Like Joseph, Judah is an instrument of G-d, but Judah is more powerful than Joseph because he is less passive. With two exceptions, most notably Joseph's test of his brothers' commitment to Benjamin, Joseph let fate roll over him. For 22 years he made no attempt to contact his father. He interpreted dreams -- if asked. He assumed authority over Egypt -- when asked. He engineered Benjamin's trip to Egypt -- to let prophecy takes its course. G-d, more than people, animated Joseph. Perfect, pious, partly passive, isolated: this is Joseph. Imperfect, repentant, active, social: this is Judah. Power and abnegation: this is Joseph. Power and majesty: this is Judah. Diaspora: this is Joseph. Kingship: this is Judah.
Joseph and Judah were real historical figures, but may profitably be understood as representing "pure types," archetypes of humanity or destiny.
Joseph may represent Jewish power in the Diaspora and Judah Jewish power in Israel. Joseph may be perfect, as it were, and Judah may follow a different trajectory of imperfection, repentance and growth. Joseph and Judah: two pure types, each projecting a different concentrated essence. Concentrated essences are unlikely ever to constitute the totality of a single, real, living human being. Joseph and Judah, as pure types, may be derived from a careful reading of the Biblical text -- and may be instructive, important, even vital and indispensable -- but a pure type can never exhaust the complexity of one person. Actual human beings are too complex, multifaceted or contradictory to be archetypes.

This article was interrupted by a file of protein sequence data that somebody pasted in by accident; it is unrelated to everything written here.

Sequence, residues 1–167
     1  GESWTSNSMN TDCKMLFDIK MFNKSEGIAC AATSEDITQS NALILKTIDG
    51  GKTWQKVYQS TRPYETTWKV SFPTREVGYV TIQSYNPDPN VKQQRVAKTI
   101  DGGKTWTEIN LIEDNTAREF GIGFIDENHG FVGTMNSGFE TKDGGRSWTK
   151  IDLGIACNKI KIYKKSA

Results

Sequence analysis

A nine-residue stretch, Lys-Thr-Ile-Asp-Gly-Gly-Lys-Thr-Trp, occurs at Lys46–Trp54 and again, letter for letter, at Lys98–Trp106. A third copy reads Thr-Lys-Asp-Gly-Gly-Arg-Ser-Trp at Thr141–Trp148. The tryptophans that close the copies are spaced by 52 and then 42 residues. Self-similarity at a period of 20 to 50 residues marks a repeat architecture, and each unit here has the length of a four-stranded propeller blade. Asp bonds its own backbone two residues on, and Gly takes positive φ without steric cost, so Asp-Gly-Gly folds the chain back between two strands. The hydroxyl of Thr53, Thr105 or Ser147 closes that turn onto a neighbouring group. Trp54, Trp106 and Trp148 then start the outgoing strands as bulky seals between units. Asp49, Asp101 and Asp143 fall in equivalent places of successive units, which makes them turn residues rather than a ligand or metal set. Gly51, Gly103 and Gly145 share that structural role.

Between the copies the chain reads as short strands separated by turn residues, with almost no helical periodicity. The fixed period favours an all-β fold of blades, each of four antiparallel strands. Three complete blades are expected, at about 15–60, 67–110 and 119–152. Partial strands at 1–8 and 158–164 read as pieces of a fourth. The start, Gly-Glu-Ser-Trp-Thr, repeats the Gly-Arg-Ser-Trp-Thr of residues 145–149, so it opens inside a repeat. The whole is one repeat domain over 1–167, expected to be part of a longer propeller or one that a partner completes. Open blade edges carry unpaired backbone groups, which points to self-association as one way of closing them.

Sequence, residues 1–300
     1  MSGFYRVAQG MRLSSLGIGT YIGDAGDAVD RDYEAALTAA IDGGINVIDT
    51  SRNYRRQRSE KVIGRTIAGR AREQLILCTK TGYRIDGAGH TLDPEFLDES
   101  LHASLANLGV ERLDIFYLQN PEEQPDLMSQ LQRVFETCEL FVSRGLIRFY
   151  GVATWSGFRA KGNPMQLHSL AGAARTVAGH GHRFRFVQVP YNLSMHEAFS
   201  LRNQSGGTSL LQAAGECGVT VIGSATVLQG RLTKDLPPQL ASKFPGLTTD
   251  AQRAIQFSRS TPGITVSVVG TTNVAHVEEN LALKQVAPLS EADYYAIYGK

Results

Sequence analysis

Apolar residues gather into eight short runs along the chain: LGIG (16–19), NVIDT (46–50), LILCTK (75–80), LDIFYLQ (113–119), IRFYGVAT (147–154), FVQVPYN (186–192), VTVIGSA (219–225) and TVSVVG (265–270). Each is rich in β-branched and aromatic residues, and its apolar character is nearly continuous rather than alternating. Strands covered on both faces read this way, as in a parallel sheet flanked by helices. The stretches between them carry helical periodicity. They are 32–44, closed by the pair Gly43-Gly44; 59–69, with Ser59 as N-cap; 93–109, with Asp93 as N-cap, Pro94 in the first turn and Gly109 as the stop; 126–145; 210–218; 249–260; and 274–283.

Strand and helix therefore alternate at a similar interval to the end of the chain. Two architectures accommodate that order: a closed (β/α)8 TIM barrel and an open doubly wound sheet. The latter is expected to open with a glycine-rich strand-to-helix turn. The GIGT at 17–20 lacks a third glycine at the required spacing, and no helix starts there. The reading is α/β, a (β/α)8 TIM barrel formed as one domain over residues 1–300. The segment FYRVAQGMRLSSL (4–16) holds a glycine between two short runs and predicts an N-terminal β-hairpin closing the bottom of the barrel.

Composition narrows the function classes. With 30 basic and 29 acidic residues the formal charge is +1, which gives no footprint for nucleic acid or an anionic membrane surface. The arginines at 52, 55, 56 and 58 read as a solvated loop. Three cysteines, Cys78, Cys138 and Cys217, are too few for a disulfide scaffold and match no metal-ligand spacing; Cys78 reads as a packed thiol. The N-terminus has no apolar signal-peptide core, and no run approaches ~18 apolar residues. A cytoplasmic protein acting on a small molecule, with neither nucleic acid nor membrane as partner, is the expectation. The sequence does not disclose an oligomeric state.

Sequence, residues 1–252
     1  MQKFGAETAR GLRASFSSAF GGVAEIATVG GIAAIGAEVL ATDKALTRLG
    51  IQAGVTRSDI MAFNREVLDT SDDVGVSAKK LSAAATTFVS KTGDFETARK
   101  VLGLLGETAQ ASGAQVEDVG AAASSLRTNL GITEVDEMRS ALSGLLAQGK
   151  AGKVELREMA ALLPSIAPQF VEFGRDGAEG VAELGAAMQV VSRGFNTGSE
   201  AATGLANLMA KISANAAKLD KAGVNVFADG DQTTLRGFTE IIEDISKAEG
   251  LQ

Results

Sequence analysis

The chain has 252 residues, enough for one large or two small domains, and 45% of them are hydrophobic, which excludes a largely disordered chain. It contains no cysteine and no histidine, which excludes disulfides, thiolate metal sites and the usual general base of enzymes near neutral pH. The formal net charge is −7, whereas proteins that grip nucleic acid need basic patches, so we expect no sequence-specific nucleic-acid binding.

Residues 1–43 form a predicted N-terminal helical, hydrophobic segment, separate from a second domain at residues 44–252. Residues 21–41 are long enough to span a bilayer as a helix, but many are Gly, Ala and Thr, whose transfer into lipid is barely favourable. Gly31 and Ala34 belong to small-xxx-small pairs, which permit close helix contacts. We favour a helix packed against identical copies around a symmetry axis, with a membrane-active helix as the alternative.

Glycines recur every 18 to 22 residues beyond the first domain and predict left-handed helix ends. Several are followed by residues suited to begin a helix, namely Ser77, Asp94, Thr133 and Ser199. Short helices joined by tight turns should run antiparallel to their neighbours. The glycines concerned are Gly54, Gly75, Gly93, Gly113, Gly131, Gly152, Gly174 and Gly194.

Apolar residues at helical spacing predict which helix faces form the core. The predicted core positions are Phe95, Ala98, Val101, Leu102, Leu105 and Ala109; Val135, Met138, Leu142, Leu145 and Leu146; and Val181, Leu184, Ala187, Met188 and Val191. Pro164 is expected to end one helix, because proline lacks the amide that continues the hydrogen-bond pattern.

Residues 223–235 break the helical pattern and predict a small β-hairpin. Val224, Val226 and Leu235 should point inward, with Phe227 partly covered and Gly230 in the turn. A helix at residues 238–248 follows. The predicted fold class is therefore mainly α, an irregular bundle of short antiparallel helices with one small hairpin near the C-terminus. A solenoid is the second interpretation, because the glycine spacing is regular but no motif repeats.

Why, then, does the Hebrew Bible engage in typological analysis? The Hebrew Bible's mission is to record history selectively, to be book not of objective history, but of religious teaching; not of "things as they really were," but of things as they should or should not have been. The Hebrew Bible records not neutral fact, but Divine judgment. One of the Bible's categories of religion, value and judgment is typology. Joseph and Judah are exegetically cast as archetypes to sharpen our understanding of Jewish power. Were Joseph and Judah -- and Genesis' other figures -- real? Of course. As a method of Biblical exegesis, typology excludes neither historical fact nor literature, just as they, in fact, do not exclude each other.
Rabbi Hillel Goldberg is the executive editor of the Intermountain Jewish News and the author of several books on Jewish themes.